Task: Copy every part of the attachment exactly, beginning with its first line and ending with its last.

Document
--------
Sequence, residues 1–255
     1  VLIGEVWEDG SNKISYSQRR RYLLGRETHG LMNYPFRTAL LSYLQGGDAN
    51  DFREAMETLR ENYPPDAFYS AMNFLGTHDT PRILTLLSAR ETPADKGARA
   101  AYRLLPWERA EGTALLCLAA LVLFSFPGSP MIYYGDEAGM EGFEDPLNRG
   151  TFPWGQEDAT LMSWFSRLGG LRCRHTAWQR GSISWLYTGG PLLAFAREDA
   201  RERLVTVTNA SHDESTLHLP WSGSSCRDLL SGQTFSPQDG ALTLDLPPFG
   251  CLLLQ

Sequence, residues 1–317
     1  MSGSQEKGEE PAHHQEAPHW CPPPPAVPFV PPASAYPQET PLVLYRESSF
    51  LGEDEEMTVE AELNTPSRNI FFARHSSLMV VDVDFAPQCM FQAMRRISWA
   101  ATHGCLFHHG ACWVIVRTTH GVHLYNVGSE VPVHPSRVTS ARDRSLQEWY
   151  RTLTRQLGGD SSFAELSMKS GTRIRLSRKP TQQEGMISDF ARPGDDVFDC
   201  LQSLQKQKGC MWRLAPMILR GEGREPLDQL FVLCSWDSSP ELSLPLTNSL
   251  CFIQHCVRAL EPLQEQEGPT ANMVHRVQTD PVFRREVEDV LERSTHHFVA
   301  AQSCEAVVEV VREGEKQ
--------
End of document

Sequence, residues 1–255
     1  VLIGEVWEDG SNKISYSQRR RYLLGRETHG LMNYPFRTAL LSYLQGGDAN
    51  DFREAMETLR ENYPPDAFYS AMNFLGTHDT PRILTLLSAR ETPADKGARA
   101  AYRLLPWERA EGTALLCLAA LVLFSFPGSP MIYYGDEAGM EGFEDPLNRG
   151  TFPWGQEDAT LMSWFSRLGG LRCRHTAWQR GSISWLYTGG PLLAFAREDA
   201  RERLVTVTNA SHDESTLHLP WSGSSCRDLL SGQTFSPQDG ALTLDLPPFG
   251  CLLLQ

Sequence, residues 1–317
     1  MSGSQEKGEE PAHHQEAPHW CPPPPAVPFV PPASAYPQET PLVLYRESSF
    51  LGEDEEMTVE AELNTPSRNI FFARHSSLMV VDVDFAPQCM FQAMRRISWA
   101  ATHGCLFHHG ACWVIVRTTH GVHLYNVGSE VPVHPSRVTS ARDRSLQEWY
   151  RTLTRQLGGD SSFAELSMKS GTRIRLSRKP TQQEGMISDF ARPGDDVFDC
   201  LQSLQKQKGC MWRLAPMILR GEGREPLDQL FVLCSWDSSP ELSLPLTNSL
   251  CFIQHCVRAL EPLQEQEGPT ANMVHRVQTD PVFRREVEDV LERSTHHFVA
   301  AQSCEAVVEV VREGEKQ